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Last update: 04-11-2009
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Interim and precautionary measures - General Information

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“You have started an action in the courts, but proceedings are slow and you are feeling rather put off.”

You fear that your debtor will take advantage of the long-drawn-out procedures and the various redress facilities to escape his creditors before judgment is actually given. For example, he might be tempted to organise his own insolvency or to transfer his assets. If so it is in your interests to apply to the court for interim measures.

The court may order interim or precautionary measures against the debtor's assets. The purpose of all these measures is to anticipate the final judgment on the merits for a certain period so as to ensure that it will be possible to enforce it. But several situations have to be distinguished.

1. Precautionary measures

They have been defined by the Court of Justice of the European Communities as measures designed to safeguard rights the recognition of which is applied for in other proceedings in the court hearing the case on the merits and to preserve the status quo in both fact and law. In practice, such measures will enable the creditor to cover himself against the risk of not being paid by using two techniques: either the debtor is prevented from disposing of his assets or charges are registered on them so that if he does dispose of them they can be recovered from subsequent acquirers.

 Examples of precautionary measures:

  • Preventive attachment of movable property or sums of money belonging to the debtor;
  • Court receivership of contested property that must be preserved in its present condition until judgment has been given;
  • Attachment by way of mortgage on real property, business assets and valuable securities. There are rules as to publicity.
Conditions for ordering precautionary measures:
  • When you file your application, the court (which, depending on the Member State, may be the court hearing the case or a special court responsible for interim and precautionary measures) may ask you to provide evidence that your claim has a chance of succeeding and that there is a risk you will not be able to recover the debt from your debtor.
  • The court's order will specify the assets covered by the measure, up to a certain amount in proportion to your claim. There are lists of goods and assets that cannot be attached (clothing, food, certain items of furniture, a portion of wages or salaries) to ensure that the debtor and his family can still enjoy a decent standard of living. The debtor can challenge the measure and apply for the attachment to be lifted. If, after the case has been heard on the merits, you have obtained an enforceable final judgment, you can have the precautionary attachment converted into an execution order.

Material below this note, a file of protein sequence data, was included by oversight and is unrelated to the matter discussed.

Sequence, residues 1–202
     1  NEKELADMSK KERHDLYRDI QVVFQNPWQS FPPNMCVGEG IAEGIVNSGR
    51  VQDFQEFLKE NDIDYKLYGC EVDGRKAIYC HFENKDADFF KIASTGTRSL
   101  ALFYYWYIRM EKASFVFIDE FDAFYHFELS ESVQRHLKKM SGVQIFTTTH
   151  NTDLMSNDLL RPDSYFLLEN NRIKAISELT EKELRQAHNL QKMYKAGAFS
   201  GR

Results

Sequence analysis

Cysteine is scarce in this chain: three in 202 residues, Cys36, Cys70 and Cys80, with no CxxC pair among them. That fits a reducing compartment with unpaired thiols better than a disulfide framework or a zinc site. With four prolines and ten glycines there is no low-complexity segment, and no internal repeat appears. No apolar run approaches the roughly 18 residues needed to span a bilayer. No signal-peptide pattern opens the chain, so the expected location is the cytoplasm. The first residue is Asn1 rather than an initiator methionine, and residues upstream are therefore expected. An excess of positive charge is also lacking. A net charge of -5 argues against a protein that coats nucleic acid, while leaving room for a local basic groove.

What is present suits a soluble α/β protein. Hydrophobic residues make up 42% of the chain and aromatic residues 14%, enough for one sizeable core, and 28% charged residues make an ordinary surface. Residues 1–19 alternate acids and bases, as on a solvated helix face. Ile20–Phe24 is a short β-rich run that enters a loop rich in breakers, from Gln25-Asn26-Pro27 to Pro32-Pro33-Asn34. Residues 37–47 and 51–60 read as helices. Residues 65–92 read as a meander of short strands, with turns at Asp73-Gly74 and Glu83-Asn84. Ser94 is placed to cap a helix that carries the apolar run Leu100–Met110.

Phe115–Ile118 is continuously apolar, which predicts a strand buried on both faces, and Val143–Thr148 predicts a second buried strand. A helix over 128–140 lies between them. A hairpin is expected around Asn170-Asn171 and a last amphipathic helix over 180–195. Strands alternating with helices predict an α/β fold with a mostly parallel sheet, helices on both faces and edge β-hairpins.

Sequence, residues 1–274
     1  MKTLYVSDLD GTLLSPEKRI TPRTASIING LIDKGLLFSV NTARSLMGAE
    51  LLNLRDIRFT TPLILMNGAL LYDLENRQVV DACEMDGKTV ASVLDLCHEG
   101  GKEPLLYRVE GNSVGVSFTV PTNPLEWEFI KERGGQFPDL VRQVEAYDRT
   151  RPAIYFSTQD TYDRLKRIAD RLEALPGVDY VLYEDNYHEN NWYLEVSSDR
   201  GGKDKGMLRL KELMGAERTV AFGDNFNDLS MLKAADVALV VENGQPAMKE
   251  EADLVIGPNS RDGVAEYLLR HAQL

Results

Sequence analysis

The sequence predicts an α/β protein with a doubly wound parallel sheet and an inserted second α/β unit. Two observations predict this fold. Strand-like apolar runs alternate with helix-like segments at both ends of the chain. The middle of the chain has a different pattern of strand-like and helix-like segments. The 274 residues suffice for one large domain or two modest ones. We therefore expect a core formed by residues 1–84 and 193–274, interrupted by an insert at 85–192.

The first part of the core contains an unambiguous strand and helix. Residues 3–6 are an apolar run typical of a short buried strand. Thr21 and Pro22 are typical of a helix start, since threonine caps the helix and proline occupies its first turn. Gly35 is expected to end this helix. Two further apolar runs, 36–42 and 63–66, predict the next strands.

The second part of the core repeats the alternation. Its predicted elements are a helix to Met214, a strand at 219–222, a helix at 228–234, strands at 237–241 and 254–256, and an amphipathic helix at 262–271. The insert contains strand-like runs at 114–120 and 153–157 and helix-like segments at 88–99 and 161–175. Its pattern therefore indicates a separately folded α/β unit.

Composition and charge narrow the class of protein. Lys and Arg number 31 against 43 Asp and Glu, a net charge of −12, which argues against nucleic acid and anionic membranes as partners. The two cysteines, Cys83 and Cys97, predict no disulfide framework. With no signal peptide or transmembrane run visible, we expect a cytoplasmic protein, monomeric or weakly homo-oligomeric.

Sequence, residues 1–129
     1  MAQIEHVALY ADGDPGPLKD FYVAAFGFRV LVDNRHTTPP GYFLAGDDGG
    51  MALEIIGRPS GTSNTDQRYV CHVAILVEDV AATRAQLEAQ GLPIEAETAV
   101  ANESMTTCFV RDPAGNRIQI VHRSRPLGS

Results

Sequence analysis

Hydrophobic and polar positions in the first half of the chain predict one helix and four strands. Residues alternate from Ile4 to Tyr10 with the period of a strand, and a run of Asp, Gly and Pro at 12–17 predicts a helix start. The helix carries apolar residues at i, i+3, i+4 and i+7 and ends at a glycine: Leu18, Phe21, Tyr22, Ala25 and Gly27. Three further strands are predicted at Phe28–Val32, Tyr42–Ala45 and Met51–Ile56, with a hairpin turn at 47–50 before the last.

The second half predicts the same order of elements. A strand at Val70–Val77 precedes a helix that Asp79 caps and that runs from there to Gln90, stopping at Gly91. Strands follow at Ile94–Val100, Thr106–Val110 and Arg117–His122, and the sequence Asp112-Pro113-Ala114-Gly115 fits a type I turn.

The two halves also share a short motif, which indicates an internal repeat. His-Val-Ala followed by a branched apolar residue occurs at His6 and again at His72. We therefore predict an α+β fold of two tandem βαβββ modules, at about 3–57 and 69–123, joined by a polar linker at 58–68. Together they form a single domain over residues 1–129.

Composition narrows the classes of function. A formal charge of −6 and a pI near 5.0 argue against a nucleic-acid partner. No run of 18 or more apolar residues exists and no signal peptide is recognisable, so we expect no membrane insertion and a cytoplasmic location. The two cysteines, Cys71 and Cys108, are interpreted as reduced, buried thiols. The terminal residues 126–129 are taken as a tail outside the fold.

2. Interim measures


In other urgent situations, purely precautionary measures will not always be enough. The court may therefore order certain interim measures having similar effects to the expected judgment on the merits. The final judgment may confirm or revoke these interim measures.

Like precautionary measures, interim measures are taken before judgment is given on the merits, which distinguishes them from provisional execution.

3. Provisional execution

You have had judgment given for you but there is still the possibility of an appeal or challenge. You wish to have the judgment enforced immediately as you are afraid that your debtor might appeal simply in order to delay the proceedings. In many such cases the court will order provisional execution of the judgment. Certain requirements may be imposed, depending on the country (urgency, security given by the creditor, principle of adversarial proceedings, claim not open to challenge although the judgment can still be appealed against, etc.).

A comparison of national legislation shows that there is an almost total absence of any definition of interim and precautionary measures and that legal systems differ rather widely. The gap between Member States widens further where the measures are liable to make proceedings on the merits superfluous and assist in circumventing the normal rules of jurisdiction. The powers of courts hearing applications for provisional enforcement are also very different - some Member States refuse to allow any decision that might anticipate the final outcome.

There are quite substantial differences in the conditions for ordering these measures. The urgency requirement is more and more often interpreted in quite broad terms, for instance.

There are also substantial differences in the nature of the goods and assets that can be affected, the type of measures available and the relationship between the court ordering interim or precautionary measures and the court hearing the case on the merits. Formal aspects are also far from uniform. In many Member States provisional measures require the approval of a court, which might be a specialised one in some and a general one in others, whereas in yet others this is not necessary. And the procedure is basically unilateral in many Member States but adversarial in others throughout the procedure, except in the most urgent cases, to avoid sudden surprises.

Clicking on the flag of each Member States will take you to information on the procedures relating to interim and precautionary measures and provisional execution in that Member State.

To find out more about legislation at the level of the European Community, click on the “Community law” icon.

Information on international conventions can be found be clicking on the “international law” icon.


Last update: 04-11-2009

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